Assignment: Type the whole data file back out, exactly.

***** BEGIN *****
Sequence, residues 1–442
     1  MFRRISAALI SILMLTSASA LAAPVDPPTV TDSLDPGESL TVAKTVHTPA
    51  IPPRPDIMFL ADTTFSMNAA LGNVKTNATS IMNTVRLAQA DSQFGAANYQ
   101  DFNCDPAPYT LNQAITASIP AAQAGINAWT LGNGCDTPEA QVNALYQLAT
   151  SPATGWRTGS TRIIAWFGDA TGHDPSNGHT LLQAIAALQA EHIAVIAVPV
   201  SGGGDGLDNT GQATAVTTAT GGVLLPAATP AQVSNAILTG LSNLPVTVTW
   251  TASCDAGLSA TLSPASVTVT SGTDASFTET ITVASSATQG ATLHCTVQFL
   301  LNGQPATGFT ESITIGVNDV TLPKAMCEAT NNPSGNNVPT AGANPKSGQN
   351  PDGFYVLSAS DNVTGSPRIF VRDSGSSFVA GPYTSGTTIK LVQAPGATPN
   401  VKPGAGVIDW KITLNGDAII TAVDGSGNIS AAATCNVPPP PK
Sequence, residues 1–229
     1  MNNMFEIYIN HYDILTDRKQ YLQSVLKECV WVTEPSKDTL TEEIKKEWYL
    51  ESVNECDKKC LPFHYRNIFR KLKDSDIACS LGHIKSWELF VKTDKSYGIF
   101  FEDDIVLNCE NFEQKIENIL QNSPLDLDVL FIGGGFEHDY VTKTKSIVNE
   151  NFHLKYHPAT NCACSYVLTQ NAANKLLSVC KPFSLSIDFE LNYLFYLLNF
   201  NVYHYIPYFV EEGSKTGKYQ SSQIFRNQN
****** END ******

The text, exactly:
Sequence, residues 1–442
     1  MFRRISAALI SILMLTSASA LAAPVDPPTV TDSLDPGESL TVAKTVHTPA
    51  IPPRPDIMFL ADTTFSMNAA LGNVKTNATS IMNTVRLAQA DSQFGAANYQ
   101  DFNCDPAPYT LNQAITASIP AAQAGINAWT LGNGCDTPEA QVNALYQLAT
   151  SPATGWRTGS TRIIAWFGDA TGHDPSNGHT LLQAIAALQA EHIAVIAVPV
   201  SGGGDGLDNT GQATAVTTAT GGVLLPAATP AQVSNAILTG LSNLPVTVTW
   251  TASCDAGLSA TLSPASVTVT SGTDASFTET ITVASSATQG ATLHCTVQFL
   301  LNGQPATGFT ESITIGVNDV TLPKAMCEAT NNPSGNNVPT AGANPKSGQN
   351  PDGFYVLSAS DNVTGSPRIF VRDSGSSFVA GPYTSGTTIK LVQAPGATPN
   401  VKPGAGVIDW KITLNGDAII TAVDGSGNIS AAATCNVPPP PK
Sequence, residues 1–229
     1  MNNMFEIYIN HYDILTDRKQ YLQSVLKECV WVTEPSKDTL TEEIKKEWYL
    51  ESVNECDKKC LPFHYRNIFR KLKDSDIACS LGHIKSWELF VKTDKSYGIF
   101  FEDDIVLNCE NFEQKIENIL QNSPLDLDVL FIGGGFEHDY VTKTKSIVNE
   151  NFHLKYHPAT NCACSYVLTQ NAANKLLSVC KPFSLSIDFE LNYLFYLLNF
   201  NVYHYIPYFV EEGSKTGKYQ SSQIFRNQN